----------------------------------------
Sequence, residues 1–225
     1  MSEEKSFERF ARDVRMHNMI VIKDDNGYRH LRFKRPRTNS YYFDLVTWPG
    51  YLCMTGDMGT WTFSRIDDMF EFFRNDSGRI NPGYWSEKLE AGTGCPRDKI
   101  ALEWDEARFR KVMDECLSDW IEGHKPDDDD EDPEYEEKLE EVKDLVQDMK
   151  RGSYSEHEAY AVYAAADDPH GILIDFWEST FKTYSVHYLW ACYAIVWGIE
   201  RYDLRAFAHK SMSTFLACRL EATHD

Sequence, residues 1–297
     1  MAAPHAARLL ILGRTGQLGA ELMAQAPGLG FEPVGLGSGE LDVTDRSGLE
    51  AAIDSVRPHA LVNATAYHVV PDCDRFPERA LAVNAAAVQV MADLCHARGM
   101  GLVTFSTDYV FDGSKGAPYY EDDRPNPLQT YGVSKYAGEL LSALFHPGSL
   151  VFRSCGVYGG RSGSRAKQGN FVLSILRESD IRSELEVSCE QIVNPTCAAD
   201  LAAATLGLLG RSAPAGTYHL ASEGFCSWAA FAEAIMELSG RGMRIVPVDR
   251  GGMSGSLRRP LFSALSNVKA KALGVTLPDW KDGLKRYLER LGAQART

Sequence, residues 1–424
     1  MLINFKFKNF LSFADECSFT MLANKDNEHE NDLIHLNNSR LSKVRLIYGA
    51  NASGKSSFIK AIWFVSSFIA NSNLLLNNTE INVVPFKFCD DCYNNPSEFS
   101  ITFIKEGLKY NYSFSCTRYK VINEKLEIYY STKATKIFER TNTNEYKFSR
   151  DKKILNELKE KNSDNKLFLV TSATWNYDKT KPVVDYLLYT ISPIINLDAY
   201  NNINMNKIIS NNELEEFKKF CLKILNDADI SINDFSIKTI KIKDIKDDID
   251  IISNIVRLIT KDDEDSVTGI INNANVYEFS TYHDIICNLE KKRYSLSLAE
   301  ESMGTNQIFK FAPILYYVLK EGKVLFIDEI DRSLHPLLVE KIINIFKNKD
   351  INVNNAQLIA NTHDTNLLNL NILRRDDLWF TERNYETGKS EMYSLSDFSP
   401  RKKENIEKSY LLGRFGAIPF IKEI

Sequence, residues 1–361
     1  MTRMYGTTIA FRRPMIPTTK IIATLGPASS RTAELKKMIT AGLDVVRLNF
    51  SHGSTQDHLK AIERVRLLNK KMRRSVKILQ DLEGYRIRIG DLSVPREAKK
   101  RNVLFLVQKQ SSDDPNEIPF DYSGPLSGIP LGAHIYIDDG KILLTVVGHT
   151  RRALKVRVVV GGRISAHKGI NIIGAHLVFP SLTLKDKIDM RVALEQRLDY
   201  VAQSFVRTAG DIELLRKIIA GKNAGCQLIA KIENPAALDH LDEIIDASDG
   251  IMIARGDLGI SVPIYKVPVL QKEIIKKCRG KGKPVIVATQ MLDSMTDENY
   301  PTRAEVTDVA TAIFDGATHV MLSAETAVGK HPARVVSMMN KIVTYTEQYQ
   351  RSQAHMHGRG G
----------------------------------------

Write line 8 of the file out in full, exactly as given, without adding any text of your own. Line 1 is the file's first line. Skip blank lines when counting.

     1  MAAPHAARLL ILGRTGQLGA ELMAQAPGLG FEPVGLGSGE LDVTDRSGLE